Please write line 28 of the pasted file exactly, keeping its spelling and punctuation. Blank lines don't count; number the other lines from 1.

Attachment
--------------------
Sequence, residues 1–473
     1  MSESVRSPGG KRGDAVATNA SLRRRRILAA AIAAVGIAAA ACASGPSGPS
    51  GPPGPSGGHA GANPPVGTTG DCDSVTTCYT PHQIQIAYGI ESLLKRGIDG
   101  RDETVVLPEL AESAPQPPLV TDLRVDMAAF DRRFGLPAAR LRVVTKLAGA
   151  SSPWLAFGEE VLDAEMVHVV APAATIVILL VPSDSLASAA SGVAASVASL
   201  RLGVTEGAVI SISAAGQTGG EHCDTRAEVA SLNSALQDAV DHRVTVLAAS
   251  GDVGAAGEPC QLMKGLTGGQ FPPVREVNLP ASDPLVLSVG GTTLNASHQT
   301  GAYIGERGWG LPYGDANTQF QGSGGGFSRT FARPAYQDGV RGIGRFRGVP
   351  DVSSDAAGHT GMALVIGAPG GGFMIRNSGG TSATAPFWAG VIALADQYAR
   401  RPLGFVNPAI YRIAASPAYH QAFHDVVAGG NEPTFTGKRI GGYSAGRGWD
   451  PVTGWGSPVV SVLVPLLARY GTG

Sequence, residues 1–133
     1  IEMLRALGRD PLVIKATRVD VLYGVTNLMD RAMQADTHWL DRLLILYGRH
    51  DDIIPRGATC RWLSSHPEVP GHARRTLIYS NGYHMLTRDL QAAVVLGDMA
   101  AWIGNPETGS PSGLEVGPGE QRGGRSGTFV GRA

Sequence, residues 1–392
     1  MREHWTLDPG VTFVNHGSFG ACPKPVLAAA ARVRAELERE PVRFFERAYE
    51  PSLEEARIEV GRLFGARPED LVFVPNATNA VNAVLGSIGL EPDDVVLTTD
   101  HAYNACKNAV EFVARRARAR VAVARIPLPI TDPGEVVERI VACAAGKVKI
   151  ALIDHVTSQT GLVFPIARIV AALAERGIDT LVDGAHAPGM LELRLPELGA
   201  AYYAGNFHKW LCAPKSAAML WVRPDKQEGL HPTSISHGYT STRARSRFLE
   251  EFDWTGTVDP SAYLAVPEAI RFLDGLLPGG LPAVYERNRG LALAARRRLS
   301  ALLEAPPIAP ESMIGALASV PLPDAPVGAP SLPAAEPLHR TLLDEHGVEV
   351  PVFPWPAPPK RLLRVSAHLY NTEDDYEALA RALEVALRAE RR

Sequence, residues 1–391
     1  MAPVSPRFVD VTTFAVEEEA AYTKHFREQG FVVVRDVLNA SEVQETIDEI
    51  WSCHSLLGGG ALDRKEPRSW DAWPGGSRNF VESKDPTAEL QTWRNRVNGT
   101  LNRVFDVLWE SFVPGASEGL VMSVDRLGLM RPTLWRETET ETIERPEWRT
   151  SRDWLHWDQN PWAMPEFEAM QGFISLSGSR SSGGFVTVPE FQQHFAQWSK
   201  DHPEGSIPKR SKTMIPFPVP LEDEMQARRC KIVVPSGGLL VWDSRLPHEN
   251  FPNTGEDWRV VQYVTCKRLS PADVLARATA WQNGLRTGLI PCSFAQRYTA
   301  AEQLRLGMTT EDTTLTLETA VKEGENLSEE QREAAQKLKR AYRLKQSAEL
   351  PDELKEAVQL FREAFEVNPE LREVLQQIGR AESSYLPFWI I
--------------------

   101  LNRVFDVLWE SFVPGASEGL VMSVDRLGLM RPTLWRETET ETIERPEWRT